May 2, 1946 — Bernard Coy, Joe Cretzer, Marvin Hubbard, Sam Shockley, Miran Thompson, and Clarence Carnes overpowered officers, seized guns and keys, and took control of the cellhouse. Unable to unlock the yard door, the six decided to fight. Two hostages were shot point-blank, 18 officers were injured, and the Marines were called in. Coy, Cretzer, and Hubbard wound up dead. Shockley and Thompson received the death penalty and were executed in the gas chamber at San Quentin.

July 23, 1956 — Floyd Wilson disappeared from his job at the dock. After hiding for several hours among large rocks along the shore, he was discovered.

September 29, 1958 — While working on the garbage detail, Aaron Burgett and Clyde Johnson overpowered a guard and attempted to swim from the island. Johnson was caught in the water; Burgett’s body was found floating in the Bay two weeks later.

June 11, 1962 — Frank Morris and John and Clarence Anglin drilled through vent holes, climbed to the top of the cellblock and escaped to the roof. They then climbed down a drainpipe and made their way to the water. A water search found two crude life vests and a raft fabricated out of prison-issue raincoats, but no sign of the men. Several weeks later, a badly deteriorated body washed up a short distance up the coast from San Francisco.

December 16, 1962 — John Paul Scott and Darl Parker bent bars in the cellhouse basement, climbed out, and plunged into the water. Parker was discovered on a small outcropping of rock a short distance offshore; Scott was found on the rocks beneath the Golden Gate Bridge suffering from shock and hypothermia. Both were returned to Alcatraz.

August 10, 1846: The Smithsonian Institute is created

James Smithson was interested in almost everything: the venom of snakes, the chemistry of volcanoes, the constituents of a lady’s tear, the fundamental nature of electricity… He published papers on an improved method of making coffee, an analysis of the mineral calamine, substances used in traditional Indian medicines . . .Smithsonian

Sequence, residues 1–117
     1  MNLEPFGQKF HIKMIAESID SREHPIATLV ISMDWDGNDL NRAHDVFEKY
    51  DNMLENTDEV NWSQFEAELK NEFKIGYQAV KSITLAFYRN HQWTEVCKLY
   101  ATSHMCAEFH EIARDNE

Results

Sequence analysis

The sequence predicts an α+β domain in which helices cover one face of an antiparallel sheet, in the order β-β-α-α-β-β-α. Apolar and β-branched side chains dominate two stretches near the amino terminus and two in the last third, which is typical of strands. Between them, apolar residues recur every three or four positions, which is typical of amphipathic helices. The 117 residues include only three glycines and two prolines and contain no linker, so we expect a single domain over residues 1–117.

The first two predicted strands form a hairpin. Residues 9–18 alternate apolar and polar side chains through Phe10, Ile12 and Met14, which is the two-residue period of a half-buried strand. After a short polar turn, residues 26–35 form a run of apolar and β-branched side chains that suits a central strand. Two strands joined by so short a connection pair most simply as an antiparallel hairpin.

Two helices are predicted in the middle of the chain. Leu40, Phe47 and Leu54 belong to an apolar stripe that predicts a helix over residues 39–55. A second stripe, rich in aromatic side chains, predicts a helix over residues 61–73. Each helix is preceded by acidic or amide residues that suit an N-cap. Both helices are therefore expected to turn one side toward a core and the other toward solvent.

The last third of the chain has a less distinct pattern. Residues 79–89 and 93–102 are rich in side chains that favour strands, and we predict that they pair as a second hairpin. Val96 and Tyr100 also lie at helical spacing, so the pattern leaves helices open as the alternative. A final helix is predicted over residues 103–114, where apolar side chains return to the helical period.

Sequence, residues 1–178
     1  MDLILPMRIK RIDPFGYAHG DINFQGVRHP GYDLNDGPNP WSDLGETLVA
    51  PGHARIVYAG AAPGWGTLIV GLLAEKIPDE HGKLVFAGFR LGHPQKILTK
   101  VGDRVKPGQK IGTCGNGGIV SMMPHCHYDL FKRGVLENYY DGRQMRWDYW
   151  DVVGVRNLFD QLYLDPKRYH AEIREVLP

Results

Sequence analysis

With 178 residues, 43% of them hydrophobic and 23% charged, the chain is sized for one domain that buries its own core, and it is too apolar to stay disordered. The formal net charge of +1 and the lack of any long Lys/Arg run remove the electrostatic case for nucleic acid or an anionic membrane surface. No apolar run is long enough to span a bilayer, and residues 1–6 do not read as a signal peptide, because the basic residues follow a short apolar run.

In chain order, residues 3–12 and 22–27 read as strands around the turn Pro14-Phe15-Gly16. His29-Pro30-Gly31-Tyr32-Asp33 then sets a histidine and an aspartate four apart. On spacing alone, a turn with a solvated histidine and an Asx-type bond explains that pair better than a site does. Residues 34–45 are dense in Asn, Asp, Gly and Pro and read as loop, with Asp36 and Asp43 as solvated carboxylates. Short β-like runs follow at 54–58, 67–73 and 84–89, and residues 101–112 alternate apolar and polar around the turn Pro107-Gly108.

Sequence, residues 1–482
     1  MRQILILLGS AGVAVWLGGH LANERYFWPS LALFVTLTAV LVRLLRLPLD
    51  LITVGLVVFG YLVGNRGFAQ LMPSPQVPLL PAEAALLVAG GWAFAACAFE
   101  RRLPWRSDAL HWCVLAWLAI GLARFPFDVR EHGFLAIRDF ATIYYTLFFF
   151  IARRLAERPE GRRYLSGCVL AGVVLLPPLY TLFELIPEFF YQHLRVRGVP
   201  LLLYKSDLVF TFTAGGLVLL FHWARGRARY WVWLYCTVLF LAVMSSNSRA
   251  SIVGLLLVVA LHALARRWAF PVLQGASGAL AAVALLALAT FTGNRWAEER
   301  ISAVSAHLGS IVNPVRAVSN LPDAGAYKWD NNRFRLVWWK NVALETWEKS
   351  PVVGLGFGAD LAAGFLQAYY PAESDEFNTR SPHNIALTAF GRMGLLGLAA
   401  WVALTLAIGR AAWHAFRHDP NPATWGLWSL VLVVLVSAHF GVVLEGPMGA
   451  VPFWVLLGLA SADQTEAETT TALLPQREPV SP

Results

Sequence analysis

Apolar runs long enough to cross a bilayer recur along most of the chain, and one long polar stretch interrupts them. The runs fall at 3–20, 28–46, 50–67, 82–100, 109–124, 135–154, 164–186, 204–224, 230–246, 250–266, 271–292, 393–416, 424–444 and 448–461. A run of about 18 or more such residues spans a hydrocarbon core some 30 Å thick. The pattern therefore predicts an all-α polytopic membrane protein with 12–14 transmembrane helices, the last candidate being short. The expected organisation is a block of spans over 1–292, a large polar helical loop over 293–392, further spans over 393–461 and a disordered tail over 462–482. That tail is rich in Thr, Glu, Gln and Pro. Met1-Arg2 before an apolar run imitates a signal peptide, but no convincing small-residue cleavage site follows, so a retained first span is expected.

He was the illegitimate son of the first Duke of Northumberland and a wealthy widow who was a cousin of the Duchess. His exact birthday remains unknown because he was born in secret in Paris, where his mother had gone to hide her pregnancy.

Smithson never married; he had no children. He traveled widely in Europe, was in Paris during the French Revolution, and was later imprisoned during the Napoleonic Wars. Friends with many of the great scientific minds of his age, he believed that the scientific pursuit of knowledge was the key to prosperity for all of society: “It is in his knowledge that man has found his greatness and his happiness. . . . No ignorance is probably without loss to him.”

Smithson died in 1829, at approximately 64 years old while living in Genoa, Italy. His considerable wealth was left to his nephew Henry James Hungerford. However, in a curious codicil, the will indicated that if Hungerford should die leaving no heirs—legitimate or illegitimate— the money was to go to the people of the United States of America, a place Smithson had never visited, to create something to be called “the Smithsonian Institution” for the “increase and diffusion of knowledge” among men.

The will was so extraordinary that it was printed in the Times of London, and the potential windfall for the United States caught the eye of an American editor who reprinted it in The New York American. However, it was unlikely that anything would come of the potential bequest.  Smithson’s nephew and heir was only in his early 20s, and seemed quite adept at spending down his inheritance.

Six years later, however, Hungerford died of unknown causes in Pisa, Italy, leaving no heirs.